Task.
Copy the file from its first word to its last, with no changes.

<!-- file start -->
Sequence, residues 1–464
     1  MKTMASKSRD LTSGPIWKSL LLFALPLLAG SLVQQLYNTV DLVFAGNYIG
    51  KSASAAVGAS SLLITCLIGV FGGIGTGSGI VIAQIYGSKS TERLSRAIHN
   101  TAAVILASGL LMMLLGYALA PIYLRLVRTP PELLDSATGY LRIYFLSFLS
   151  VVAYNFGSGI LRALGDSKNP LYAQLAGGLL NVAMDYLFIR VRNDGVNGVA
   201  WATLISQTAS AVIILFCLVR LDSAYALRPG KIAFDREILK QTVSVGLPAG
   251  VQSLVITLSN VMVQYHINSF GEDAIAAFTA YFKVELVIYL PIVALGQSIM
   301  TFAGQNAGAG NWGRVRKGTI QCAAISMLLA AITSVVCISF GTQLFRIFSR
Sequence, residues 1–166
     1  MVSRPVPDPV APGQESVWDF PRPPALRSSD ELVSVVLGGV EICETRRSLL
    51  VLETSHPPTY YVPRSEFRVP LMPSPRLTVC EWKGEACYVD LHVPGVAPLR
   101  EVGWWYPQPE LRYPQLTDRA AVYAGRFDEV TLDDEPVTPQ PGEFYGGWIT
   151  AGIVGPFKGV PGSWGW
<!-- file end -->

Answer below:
Sequence, residues 1–464
     1  MKTMASKSRD LTSGPIWKSL LLFALPLLAG SLVQQLYNTV DLVFAGNYIG
    51  KSASAAVGAS SLLITCLIGV FGGIGTGSGI VIAQIYGSKS TERLSRAIHN
   101  TAAVILASGL LMMLLGYALA PIYLRLVRTP PELLDSATGY LRIYFLSFLS
   151  VVAYNFGSGI LRALGDSKNP LYAQLAGGLL NVAMDYLFIR VRNDGVNGVA
   201  WATLISQTAS AVIILFCLVR LDSAYALRPG KIAFDREILK QTVSVGLPAG
   251  VQSLVITLSN VMVQYHINSF GEDAIAAFTA YFKVELVIYL PIVALGQSIM
   301  TFAGQNAGAG NWGRVRKGTI QCAAISMLLA AITSVVCISF GTQLFRIFSR
Sequence, residues 1–166
     1  MVSRPVPDPV APGQESVWDF PRPPALRSSD ELVSVVLGGV EICETRRSLL
    51  VLETSHPPTY YVPRSEFRVP LMPSPRLTVC EWKGEACYVD LHVPGVAPLR
   101  EVGWWYPQPE LRYPQLTDRA AVYAGRFDEV TLDDEPVTPQ PGEFYGGWIT
   151  AGIVGPFKGV PGSWGW